Driving course, closure dates announced for senior center
For most seniors the friendly roads of their youth have changed a lot in the years since they got their drivers licenses.
Depending on the age group, some got their privilege to drive in the days before interstate highways; others cut their driving teeth on freeways, but today find them so crowded in metropolitan areas that they find themselves uncomfortable with being on them.
American highways are busier than ever. Traffic has doubled on most major roads in the last 30 years and is expected only to get heavier as the population of the country grows, both nationally and regionally.
For seniors, the once enjoyable activity of driving can be full of fear and even life threatening.
On Dec. 4-5 the Price Senior Center will be holding driving classes for seniors called the AARP Driver Safety course. It will be taught by Leonard Miller.
The course will run from 1 p.m. until 5 p.m. each day.
Miller will teach seniors how to compensate for age related changes that result as people start to lose their reaction time.
He will also do an update for seniors on the rules of the road.
He will also do a section on reducing traffic violations, crashes and the chances of being injured in crashes.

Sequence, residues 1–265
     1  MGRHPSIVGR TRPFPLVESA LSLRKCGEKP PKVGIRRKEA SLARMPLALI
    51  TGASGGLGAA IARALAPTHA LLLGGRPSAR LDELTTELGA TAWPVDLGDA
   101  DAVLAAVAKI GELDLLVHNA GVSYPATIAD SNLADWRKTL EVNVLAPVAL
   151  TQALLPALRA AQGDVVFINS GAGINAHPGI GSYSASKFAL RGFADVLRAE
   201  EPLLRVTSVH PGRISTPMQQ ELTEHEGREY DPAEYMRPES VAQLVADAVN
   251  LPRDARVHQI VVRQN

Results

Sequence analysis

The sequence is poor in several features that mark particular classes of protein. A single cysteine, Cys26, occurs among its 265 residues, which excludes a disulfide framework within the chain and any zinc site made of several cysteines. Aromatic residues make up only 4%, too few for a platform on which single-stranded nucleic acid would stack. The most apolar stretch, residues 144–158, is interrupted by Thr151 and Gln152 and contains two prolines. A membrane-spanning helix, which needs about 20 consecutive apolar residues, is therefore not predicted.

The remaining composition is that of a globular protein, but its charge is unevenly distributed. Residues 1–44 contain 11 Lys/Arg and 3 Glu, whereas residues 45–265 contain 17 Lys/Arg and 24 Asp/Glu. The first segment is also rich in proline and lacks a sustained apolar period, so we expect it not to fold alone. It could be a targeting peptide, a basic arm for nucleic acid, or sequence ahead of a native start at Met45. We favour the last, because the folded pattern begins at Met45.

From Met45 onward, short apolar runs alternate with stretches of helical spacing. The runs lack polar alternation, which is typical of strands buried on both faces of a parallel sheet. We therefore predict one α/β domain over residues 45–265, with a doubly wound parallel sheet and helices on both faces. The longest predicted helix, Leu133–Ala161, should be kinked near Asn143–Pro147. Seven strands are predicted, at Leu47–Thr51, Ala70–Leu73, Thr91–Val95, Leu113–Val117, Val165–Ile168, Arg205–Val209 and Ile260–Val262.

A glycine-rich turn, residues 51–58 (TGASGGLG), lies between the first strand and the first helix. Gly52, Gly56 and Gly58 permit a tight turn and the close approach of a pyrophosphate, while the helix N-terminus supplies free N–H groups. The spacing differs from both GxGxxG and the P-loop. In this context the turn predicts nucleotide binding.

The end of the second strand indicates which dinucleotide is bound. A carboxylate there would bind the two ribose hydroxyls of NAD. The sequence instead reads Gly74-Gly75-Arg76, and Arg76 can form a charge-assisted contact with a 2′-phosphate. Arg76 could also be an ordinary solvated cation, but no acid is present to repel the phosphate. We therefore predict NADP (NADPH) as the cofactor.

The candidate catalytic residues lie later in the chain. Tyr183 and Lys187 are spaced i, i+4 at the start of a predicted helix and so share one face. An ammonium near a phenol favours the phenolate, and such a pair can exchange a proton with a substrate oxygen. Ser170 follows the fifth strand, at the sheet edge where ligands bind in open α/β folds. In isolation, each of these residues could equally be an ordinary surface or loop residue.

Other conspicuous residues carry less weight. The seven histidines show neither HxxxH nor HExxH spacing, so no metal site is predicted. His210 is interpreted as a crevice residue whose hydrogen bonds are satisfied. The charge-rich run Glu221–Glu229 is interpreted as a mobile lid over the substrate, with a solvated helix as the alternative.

The senior population is the fastest growing segment of the population in the United States. Presently, people over 65 comprised 13 percent of the total population in the last census (2000). There are 19 million drivers over age 70 right now, and by 2025, one in four drivers in the United States will be over 65.
The fact is that with aging, physical and cognitive limitations may impede an older person's ability to drive safely.
But the majority of Americans have not planned to retire from driving, in fact many plan on driving more.
For almost everyone mobility is key to independence and quality of life. Many say that if they couldn't drive they would be lost.
Without support from friends, relatives and organizations, many of these older people who can no longer drive may also lose their ability to live independently in the community.
The senior centers in both Price and East Carbon also announced that they will be closed on Christmas Day and the day after Christmas as well.